With the river steadily rising, wading was a tricky proposition, until I eased into a backwater area on the West. There were large, dark mayflies on the subdued flows there, and good trout began to rise. I tied a size 12 Quill Gordon to my 4X tippet and stalked slowly upstream. I took three or four fine browns, trout from sixteen to eighteen inches long, until I reached a protruding rock and a more subdued, bulging rise that promised more. Several casts were required to bring a rise, as the trout seemed to move left and right in his lair behind the rock. At last, my fly and the fish met in the same line of drift, and the excitement increased.

The fight lasted about sixty yards, as the great fish turned and headed downstream on a slow, powerful run. This was a heavy fish, and I tightened the drag on my reel when he was halfway down the backwater. I knew if he reached the heavy current of the main river, it would be over. There was no stopping that fish and, when I tightened further just above the heavy current, he simply kept on going until my line went slack. The hook bend was bent wide open when I retrieved my line. No thrashing, no boiling, just a straight pull. I managed another pair of quality brownies before the hatch petered out, though I will never shake the memory of that one unseen trout, motoring south in spite of me.

At the beginning of my first full post retirement spring, I encountered a nice hatch of Quill Gordons on the high, rushing Beaverkill. The river was flowing over one thousand CFS, and there was very little in the way of wading available. I plucked a couple of the slate winged mayflies from the surface as they fluttered past my feet. While barred with dark grey, the lighter segments of their abdomens were a strong, dirty yellow. I took my first pair of brown trout for the season on a Catskill tie. No others rose to the hatch.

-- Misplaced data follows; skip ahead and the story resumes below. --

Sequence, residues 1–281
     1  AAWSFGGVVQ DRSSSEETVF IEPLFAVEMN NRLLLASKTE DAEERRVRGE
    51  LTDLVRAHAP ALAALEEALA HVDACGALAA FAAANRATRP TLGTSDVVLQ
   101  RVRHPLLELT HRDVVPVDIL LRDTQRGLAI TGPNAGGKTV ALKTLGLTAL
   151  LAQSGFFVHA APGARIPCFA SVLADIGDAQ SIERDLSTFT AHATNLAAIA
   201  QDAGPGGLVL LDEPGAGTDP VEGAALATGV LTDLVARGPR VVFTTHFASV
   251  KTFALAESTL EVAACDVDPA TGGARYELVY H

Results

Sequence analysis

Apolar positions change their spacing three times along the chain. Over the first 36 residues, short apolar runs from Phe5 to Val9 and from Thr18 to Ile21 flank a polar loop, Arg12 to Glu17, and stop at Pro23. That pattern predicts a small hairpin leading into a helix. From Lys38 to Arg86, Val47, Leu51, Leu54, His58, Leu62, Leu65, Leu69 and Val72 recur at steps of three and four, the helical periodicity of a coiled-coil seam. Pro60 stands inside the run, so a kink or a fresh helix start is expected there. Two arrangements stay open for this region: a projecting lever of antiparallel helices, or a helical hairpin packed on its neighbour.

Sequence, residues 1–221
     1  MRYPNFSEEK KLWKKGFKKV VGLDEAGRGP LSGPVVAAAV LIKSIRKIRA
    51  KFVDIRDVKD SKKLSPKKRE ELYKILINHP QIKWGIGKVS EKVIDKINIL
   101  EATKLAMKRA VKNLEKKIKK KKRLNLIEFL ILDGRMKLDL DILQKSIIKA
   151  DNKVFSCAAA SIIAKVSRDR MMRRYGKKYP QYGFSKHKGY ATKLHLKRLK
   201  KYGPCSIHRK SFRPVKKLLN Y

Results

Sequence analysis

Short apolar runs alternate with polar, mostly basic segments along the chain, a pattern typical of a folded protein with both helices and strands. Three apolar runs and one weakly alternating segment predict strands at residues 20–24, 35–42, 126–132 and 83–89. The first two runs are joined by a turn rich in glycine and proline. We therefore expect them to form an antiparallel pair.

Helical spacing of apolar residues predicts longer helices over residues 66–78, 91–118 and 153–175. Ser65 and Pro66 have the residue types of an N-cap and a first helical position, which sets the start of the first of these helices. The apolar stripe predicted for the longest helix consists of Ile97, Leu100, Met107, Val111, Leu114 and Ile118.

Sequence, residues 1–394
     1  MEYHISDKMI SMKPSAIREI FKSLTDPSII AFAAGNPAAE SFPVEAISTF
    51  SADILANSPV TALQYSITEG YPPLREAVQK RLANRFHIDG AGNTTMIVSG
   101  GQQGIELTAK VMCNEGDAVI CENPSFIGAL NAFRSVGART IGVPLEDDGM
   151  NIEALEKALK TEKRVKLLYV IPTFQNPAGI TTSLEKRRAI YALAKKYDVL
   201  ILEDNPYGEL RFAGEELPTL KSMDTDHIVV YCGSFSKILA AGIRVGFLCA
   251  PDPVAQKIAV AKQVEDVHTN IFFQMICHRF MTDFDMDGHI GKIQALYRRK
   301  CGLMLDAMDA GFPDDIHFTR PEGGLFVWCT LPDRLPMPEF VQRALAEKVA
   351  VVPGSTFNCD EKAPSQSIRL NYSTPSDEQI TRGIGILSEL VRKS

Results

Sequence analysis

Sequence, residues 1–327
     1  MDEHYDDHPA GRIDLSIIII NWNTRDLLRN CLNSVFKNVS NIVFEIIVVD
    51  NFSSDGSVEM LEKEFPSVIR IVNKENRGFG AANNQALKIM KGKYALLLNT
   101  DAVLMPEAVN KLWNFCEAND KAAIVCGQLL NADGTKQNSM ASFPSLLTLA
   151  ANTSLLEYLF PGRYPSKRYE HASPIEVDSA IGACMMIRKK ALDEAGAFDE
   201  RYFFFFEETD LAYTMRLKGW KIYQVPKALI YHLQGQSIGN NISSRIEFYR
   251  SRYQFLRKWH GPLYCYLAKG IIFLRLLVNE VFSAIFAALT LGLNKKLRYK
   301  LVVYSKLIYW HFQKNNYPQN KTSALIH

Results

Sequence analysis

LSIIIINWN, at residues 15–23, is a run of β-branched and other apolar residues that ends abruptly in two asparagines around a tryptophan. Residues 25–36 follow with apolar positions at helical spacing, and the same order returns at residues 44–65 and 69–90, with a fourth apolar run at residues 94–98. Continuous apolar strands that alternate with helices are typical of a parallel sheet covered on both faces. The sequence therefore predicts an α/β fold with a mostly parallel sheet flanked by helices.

Back at my tying bench I remembered the stash of yellow dyed turkey biots JA had given me decades before, and created my own dubbing blend to match the Beaverkill Quill Gordons. They have since become consistent producers when Epeorus pleuralis is on the water.

It is my nature to experiment with fly patterns, and I have expanded my Quill Gordon collection with dubbed and biot bodied CDC Duns and my Theodore Gordon inspired 100-Year Dun. All have become staples in the early season fly box I’ve marked Gordons & Quills. The soft hackle is this afternoon’s creation, inspired by the success of the related patterns and my growing interest in England’s North Country flies. Since the Epeorus duns emerge near the stream bottom and make their way to the surface I included a sparse woodduck tail to provide the correct profile and a hint of motion. The hackle is a dark dun colored covert feather from a Mallard wing.

There are a few flies yet to be added to that fly box before it is slid into the pocket of my vest. I have hope for a crisp, breezy April afternoon with a perfect wading flow, and Gordon’s Quill fluttering upon the surface of bright water!

Leave a Reply

Fill in your details below or click an icon to log in:

WordPress.com Logo

You are commenting using your WordPress.com account. Log Out /  Change )

Twitter picture

You are commenting using your Twitter account. Log Out /  Change )

Facebook photo

You are commenting using your Facebook account. Log Out /  Change )

Connecting to %s